When called on to break new ground in providing noise barriers for a section of Sydney’s WestConnex motorway, Hebel rose immediately to the challenge.
The need for an innovative approach was in conjunction with work on Stage 1A of the M4 West widening project which is part of the overall WestConnex undertaking. Opened to traffic in July 2017, this stage involved widening the existing motorway to four lanes in each direction for approximately 7.5 kilometres between Church Street, Parramatta and Homebush Bay Drive, Homebush.
The "first" for Hebel related to the need to adapt its SoundBarrier system to visually follow the natural contour of the land.
"This meant Hebel was required to come up with a trapezoid panel to accommodate the requirement," said Hebel’s National Civil Development Manager, Stewart Ross, explaining that rather than producing the usual rectangular panels, the horizontal top panels had to be shaped.
Trapezoid design was a first for Hebel
"It was the first time Hebel had done this," said Stewart. "It was unique, and something that required early contractor engagement. All parties had several meetings before the construction to understand and coordinate the buildability and construction of this system."
In order to produce the trapezoid shaped panel, Hebel worked closely with urban designer Mary Anne McGirr, Principal of Urban and Landscape Design for DesignInc Sydney. The installation of the SoundBarrier panels was then carried out by Central Coast civil construction company D. H. Holland Constructions Pty Ltd.
This was the second time that Hebel has been involved in the installation of noise barriers on the M4 project, following its use in the initial construction of the motorway from Concord to Emu Plains.
"Hebel was also utilised as a high performance noise and fire wall in multiple sections along that length of corridor," said Stewart.
On the recent M4 widening project, the advantages of Hebel once again ensured it was the preferred choice compared with other options.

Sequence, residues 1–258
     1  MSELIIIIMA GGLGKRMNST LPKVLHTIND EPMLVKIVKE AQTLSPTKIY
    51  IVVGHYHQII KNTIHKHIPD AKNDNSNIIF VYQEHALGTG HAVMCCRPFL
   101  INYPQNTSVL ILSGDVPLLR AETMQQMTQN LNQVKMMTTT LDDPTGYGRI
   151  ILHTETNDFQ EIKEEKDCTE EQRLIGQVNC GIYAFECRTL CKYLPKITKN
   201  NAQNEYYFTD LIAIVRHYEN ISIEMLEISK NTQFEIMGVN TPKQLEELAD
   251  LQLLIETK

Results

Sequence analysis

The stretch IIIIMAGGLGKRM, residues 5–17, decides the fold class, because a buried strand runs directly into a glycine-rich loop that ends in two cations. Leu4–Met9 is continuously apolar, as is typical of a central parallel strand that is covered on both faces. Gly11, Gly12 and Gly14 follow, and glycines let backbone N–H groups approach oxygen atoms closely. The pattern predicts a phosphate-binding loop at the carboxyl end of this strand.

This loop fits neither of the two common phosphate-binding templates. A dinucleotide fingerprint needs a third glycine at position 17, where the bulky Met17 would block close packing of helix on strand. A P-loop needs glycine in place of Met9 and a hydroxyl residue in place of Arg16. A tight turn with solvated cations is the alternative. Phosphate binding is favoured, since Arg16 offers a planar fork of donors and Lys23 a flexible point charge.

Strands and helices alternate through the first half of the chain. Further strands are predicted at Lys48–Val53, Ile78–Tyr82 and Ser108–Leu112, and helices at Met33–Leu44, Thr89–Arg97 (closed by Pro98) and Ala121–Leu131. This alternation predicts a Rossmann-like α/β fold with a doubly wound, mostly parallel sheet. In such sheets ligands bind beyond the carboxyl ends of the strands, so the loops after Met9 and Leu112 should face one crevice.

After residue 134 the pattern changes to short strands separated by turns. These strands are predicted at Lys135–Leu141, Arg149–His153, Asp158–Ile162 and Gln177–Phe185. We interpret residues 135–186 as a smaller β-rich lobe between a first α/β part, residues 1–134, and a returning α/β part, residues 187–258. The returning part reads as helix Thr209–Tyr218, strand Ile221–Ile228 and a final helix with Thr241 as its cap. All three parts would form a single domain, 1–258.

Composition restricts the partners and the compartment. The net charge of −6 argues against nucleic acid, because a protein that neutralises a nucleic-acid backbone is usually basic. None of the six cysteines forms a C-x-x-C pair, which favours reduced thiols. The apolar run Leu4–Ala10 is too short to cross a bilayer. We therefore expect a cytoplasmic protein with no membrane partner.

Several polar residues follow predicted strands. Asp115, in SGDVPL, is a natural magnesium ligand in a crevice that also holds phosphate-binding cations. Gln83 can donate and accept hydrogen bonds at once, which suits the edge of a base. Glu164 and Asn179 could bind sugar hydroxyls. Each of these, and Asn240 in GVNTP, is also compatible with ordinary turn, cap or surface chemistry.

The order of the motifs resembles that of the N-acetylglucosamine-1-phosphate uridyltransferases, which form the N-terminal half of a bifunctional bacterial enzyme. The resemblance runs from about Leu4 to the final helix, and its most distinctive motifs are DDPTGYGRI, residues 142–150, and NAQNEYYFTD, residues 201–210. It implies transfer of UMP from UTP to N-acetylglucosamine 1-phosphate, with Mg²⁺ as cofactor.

"Hebel was chosen for the noise walls not only because of its high performance but also because the walls were being constructed in areas where the use of alternate heavier precast concrete would not have been possible," said Stewart. "It could be done with Hebel due to its lightweight nature, with Hebel one quarter the weight of precast at an equivalent thickness."
The new trapezoidal SoundBarrier system follows the contours of the landscape for greater visual appeal on both motorway and residential sides.
Lightweight and versatile Hebel made the job easier
Explaining that the noise walls were constructed on earth berms, or mounds formed from loose reclaimed fill from the site, Stewart said the lightweight and versatile nature of Hebel made it possible to use more agile, lighter-weight cranes than would have been required for other materials.
"This resulted in a reduction in set-up time for the installation crews," he said. "It allowed them to be more agile in setting up a long, narrow corridor as an alignment and it meant, through Hebel’s more versatile nature, that any site anomalies such as misalignment of posts were easily overcome through Hebel’s ability to be designed, produced and supplied at relatively short lead times."
As well as providing a quality product, the Hebel team was able to fine-tune its work to ensure the project was delivered on time within the overall M4 widening programme.
"We were able to adjust our production to suit the different stages of the programme," said Stewart. "This meant that as certain areas were opened for construction, we were able to manufacture and supply panels in a very short lead time."
A joint project of the NSW and Australian governments, the WestConnex is scheduled for completion by 2023. It will provide 33 kilometres of motorway, including 19 kilometres of tunnels, linking western and south-west Sydney to the city, airport and Port Botany precincts.